I live in a less-than-400 square foot dry cabin. It is Too Small. I have Too Much Stuff. So should I build a sewing room? And should it be an addition to the cabin, or a separate building? Or should I buy another house? And rent the cabin out? Or sell it? Will I be able to sell it, since it needs a new foundation and it’s seven miles from town? Can I get a loan? Or should I fix up the cabin, keep it until the gas pipeline gets going, and then sell it during the boom years? What do I do? Who can I trust to predict the future for me?

I looked at cabin after cabin. Too small, too close to the neighbors, the yard’s too small, it’s too dark, it’s too expensive. I finally found a cabin I really liked; it was only four miles to work, on five acres, double the square footage of my current cabin. But the taxes were double what I pay now, and the heating bill made me choke. And the house payment… no more sewing goodies for me if I bought that cabin! And what if I can’t sell mine, or I can’t keep it rented? How do I make the house payment? Could I even get a loan?

So I sweated and wrestled with the numbers, and decided against that cabin. I started looking again. Talked to a realtor. Put the cabin up for sale. Changed my mind. And finally came to the conclusion that I just did not want to spend the money or assume the risk of buying another cabin right now. To the library for books on storage solutions. Lots of ideas, little drawings, measure, measure, measure. Paint; gotta paint before I put up new bookshelves.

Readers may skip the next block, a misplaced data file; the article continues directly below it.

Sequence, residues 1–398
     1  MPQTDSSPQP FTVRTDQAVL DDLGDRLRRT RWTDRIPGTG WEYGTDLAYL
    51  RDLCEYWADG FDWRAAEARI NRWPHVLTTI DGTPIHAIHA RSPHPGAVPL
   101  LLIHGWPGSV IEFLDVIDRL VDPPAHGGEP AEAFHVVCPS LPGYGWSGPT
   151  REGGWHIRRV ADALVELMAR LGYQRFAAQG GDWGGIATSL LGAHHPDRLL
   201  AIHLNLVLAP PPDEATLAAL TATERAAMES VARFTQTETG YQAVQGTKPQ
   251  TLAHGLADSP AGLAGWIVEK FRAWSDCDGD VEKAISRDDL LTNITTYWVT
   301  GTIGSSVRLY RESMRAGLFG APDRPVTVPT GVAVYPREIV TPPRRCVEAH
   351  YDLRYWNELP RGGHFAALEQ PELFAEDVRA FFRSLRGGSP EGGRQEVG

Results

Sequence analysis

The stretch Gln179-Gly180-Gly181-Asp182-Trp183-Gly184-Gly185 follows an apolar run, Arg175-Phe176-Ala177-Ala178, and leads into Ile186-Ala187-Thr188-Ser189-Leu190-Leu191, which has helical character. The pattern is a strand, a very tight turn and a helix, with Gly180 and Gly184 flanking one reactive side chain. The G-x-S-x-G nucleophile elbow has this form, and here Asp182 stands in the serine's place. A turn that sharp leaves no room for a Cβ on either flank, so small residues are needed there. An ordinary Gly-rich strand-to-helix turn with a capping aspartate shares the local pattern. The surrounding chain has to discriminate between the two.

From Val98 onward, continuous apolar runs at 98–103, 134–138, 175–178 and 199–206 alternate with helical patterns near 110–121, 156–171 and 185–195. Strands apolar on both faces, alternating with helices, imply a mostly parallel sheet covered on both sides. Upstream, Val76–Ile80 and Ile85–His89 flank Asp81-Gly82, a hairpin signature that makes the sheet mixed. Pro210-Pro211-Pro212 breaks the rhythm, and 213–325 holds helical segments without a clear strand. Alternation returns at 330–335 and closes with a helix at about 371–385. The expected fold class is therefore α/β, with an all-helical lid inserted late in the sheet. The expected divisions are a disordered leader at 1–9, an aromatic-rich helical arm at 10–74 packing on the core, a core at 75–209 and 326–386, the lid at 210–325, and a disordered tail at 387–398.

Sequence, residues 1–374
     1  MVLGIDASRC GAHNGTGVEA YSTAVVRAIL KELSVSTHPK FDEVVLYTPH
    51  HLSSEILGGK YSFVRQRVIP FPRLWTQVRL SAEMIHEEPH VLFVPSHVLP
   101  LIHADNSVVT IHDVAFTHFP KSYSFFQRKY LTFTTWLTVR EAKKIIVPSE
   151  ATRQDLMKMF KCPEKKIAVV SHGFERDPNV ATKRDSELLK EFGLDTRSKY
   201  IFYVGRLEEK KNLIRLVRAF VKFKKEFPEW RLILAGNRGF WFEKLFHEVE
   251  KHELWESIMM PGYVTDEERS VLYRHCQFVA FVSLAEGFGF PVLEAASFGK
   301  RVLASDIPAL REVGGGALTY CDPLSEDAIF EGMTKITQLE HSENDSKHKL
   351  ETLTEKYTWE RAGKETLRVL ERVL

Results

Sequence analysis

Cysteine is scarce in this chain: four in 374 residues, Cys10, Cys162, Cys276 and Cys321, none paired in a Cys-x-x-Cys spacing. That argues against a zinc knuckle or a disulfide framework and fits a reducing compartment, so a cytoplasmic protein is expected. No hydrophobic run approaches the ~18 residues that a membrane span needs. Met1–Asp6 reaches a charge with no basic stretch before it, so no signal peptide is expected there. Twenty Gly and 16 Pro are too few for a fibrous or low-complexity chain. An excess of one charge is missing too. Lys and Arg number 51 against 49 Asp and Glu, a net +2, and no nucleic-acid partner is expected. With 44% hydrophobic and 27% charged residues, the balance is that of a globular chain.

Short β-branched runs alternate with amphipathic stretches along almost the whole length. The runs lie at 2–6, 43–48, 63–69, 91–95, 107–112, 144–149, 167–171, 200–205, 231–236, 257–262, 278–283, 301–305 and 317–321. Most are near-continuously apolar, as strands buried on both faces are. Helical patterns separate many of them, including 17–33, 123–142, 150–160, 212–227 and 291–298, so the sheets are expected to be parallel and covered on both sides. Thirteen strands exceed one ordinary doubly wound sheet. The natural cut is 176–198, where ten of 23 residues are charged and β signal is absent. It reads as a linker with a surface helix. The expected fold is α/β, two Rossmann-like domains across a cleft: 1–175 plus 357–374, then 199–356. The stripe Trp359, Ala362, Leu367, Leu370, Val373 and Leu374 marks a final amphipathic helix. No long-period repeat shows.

I’ve emptied out the cabin and put almost all my sewing stuff into the shed. There are several paint splotches on the wall so I can choose between pale green and pale pink. And I like the empty cabin! It’s much more peaceful, so I am back to my original thought of a separate building for my sewing stuff, at least for the coming winter. And I can get by with the shelf units I already have, and build shelves in the shed instead. Less expensive. Easier.

My garden in four foot square boxes

My garden in four foot square boxes

Now it’s time to move things around, wash a wall, let it dry, paint it. Play tiddlywinks with the stuff pushed to one side and start all over again. I’ll do a few more things to make the cabin liveable for one more winter, and keep thinking about the different options. I would like to move closer to work, shorten the commute, depend less on the car, and spend less money on transportation. But I have a beautiful big yard with lots of room for Mr. Dog to run after tennis balls and frisbees. Neighbors that stop by and say hi when I’m in the yard. Plenty of room outdoors for painting/dyeing/printing on fabric and playing with the woodburning tool and all kinds of art projects. My own little bit of woods out back, and places to walk without a leash.

Lots of reasons to stay, and I will still think about moving. Someday.

Eatin’ beans!

Flowers and vegies